Beck Kitsis (she/her) is a filmmaker and musician based in New York City. In 2019, she was selected for Film at Lincoln Center’s Artist Academy at the 57th New York Film Festival, the Sundance Screenwriting Intensive, and the Women at Sundance Financing Intensive. Beck’s first short film The Three Men You Met at Night. Her second short Red is the Color of Beauty (2021). Her latest short Valentine will screen at the Tribeca Festival in 2022. Beck produced the documentary Narrowsburg (Camden International Film Festival, DOC NYC 2019), the short horror film The Rat(Sundance 2019), and the experimental short The Inconceivable Mountain (NoBudge – Best Films of 2019). Currently, Beck is co-writing/producing the Sundance and Cinereach supported horror film Strawberry Summer and writing/directing the queer home invasion film Deer in the Wood. In addition, together with Chris McNabb, Beck is developing an episodic series called House of Thorns.

A.K. is a Director, Producer, Cinematographer, and internationally published Photographer. She is the founder of Re–Present Partners, a womxn- and BIPOC-owned, Oakland-based production company that embraces the expansion of how underrepresented communities are depicted in media. A.K. employs documentary filmmaking and photography to revive absent narratives that have been buried or suppressed. Her work crosses into experimental docu-hybrid modes of storytelling, probing themes such as race, gender, spirituality, and cross-cultural solidarity. She was awarded the 2021 Emerging Artist Award in the State of California. A.K. is a DocNYC/VC Storytelling Incubator fellow and was part of the inaugural cohort for Represent Media’s Re-Take Oakland fellowship (2019–2021) for emerging BIPOC filmmakers. A.K. directed, produced, and filmed her short documentary, For Love And Legacy, about the making of the first monument to honor the Black Panther Party. The film premiered on the 2022 film festival circuit during Womxn’s History Month. She is also the Co-Director, Producer, and Co-DOP of her first feature documentary, Sign My Name To Freedom, and in development for her first episodic documentary. Inspired by her father’s photographs of their family, she exited a career in finance to pursue her love for visual storytelling. A.K. has earned degrees from Columbia University and U.C. Berkeley, and is a member of A-Doc, Brown Girls Doc Mafia, CineFemme, and Collective of Documentary Womxn Cinematographers. She speaks Punjabi, Hindi/Urdu, and English.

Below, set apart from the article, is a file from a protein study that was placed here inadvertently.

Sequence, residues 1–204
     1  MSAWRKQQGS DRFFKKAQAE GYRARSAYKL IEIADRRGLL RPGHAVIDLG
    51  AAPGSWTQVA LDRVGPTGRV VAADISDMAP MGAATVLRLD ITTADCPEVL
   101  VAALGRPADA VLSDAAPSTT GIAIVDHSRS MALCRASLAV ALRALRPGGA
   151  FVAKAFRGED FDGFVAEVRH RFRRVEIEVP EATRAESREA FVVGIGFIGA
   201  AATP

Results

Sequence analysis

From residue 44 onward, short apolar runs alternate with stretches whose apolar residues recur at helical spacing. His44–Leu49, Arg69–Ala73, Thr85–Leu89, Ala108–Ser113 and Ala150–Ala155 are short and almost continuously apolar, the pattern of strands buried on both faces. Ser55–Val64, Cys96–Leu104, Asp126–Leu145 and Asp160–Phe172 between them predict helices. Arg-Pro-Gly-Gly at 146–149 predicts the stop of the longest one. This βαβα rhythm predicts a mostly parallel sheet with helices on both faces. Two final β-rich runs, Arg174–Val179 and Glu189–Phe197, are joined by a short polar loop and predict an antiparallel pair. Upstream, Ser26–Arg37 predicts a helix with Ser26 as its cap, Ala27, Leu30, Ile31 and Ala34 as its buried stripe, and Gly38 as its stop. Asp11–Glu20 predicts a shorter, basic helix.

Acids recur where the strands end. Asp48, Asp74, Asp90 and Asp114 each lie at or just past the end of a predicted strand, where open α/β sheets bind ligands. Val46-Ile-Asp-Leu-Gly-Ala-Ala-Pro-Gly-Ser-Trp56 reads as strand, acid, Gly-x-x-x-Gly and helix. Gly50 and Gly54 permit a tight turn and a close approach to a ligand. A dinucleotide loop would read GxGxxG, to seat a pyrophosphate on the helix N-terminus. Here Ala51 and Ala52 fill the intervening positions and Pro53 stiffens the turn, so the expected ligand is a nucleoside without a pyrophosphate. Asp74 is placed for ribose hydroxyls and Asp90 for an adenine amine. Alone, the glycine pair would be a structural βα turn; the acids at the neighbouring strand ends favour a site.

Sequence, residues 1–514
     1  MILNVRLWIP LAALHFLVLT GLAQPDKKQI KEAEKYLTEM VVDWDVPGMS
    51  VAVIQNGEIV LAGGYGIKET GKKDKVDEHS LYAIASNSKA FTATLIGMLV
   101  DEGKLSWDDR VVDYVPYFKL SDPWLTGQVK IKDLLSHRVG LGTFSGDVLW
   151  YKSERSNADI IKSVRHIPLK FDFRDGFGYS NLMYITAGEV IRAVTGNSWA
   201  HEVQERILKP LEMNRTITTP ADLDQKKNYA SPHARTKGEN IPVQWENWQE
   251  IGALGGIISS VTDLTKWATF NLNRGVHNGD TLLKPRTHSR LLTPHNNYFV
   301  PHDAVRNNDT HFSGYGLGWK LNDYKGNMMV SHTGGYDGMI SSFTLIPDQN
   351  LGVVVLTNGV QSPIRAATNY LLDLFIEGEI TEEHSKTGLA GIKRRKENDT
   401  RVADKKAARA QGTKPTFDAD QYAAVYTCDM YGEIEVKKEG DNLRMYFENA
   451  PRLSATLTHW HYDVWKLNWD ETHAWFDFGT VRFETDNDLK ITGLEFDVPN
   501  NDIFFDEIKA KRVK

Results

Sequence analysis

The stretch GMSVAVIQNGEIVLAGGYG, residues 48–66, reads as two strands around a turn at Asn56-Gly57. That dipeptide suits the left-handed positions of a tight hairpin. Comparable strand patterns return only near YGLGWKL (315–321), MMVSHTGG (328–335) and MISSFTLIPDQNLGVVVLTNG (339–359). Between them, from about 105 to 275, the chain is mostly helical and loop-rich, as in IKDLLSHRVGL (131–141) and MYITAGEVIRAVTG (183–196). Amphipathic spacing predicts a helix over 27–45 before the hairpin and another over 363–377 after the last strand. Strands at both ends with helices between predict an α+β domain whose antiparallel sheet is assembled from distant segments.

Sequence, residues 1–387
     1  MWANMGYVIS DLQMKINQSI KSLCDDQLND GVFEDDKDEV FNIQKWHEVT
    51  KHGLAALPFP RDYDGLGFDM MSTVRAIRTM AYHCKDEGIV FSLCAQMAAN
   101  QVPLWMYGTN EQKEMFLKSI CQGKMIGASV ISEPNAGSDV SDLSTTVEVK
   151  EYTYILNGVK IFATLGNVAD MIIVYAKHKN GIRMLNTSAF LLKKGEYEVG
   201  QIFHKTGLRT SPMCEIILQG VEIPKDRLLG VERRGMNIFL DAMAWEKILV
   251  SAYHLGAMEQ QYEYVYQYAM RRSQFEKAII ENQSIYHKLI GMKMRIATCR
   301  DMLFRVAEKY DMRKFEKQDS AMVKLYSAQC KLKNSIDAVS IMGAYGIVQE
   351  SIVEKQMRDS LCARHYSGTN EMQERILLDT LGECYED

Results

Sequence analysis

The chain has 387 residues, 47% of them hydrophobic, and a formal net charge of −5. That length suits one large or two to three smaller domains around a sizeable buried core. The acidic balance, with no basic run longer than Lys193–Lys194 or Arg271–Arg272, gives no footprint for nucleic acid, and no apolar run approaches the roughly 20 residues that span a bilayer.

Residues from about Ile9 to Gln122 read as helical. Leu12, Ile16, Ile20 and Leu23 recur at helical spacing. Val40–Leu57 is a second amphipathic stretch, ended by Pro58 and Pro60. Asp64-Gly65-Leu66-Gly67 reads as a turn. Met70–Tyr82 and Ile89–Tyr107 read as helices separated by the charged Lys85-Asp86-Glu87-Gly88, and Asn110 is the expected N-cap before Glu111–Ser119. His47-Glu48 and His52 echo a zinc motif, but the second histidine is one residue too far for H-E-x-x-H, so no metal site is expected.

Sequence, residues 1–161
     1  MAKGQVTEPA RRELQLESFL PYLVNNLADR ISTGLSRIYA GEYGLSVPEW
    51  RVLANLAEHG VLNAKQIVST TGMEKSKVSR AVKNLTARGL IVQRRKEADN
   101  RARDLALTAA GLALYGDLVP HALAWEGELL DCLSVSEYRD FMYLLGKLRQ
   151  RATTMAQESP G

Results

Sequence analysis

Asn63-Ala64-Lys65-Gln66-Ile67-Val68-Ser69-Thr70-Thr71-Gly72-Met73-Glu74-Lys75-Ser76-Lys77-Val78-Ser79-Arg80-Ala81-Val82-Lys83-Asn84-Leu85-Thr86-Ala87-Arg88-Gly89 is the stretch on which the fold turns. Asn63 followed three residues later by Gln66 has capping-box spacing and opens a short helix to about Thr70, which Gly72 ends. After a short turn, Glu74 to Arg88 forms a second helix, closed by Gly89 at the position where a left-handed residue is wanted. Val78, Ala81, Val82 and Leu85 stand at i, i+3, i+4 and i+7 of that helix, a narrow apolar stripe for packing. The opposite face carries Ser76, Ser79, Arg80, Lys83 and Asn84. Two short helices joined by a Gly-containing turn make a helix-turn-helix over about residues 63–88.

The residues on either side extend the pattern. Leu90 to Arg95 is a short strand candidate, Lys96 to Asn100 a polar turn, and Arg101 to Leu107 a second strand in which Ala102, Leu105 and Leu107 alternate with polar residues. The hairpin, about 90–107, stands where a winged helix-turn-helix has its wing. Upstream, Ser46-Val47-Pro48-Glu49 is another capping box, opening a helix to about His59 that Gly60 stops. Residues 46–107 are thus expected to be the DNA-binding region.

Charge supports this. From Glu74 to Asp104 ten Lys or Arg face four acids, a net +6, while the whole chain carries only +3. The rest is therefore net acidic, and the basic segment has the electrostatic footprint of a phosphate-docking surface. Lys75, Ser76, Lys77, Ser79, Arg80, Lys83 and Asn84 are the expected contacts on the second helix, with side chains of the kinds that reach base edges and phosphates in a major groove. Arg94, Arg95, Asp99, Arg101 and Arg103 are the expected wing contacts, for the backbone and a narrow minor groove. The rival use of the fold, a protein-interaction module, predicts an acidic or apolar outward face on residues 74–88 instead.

Barbara Vásconez (moderator) is the Program Manager at New York Women in Film & Television. Before joining NYWIFT, she held the position of General Manager at the Quad Cinema for three years. She has worked for a variety of film festivals, including the Tribeca Film Festival, Rooftop Films, Hamptons Film Festival, Montclair Film Festival, Mill Valley Film Festival, DOC NYC, and the Nantucket Film Festival. Her spare time is spent programming panels and creating unique community engagement opportunities for the New York Latino Film Festival. In 2019, she launched and founded the Ville Film Festival in Somerville, New Jersey. In 2020, she joined the Ecuadorian Film Festival as Co-Director. Her educational goals include working to develop film programs in New Jersey that improve film education for low income students. She works on amplifying the Latinx community and speaking on important issues like immigration and minimum wage. She is committed to the importance of film as a means of community engagement. Barbara has a degree in Film and Video Production from the School of Visual arts in NYC and holds a Business certificate from W.O.R.C in Philadelphia. 

Event Information
NYWIFT Talks at 2022 Tribeca Film Festival: Highlighting Tribeca Shorts Program (Part 1)
Date/Time: Friday, May 27, 2022
4:00 PM to 5:00 PM 
Location: Virtual Free Program 
 Register »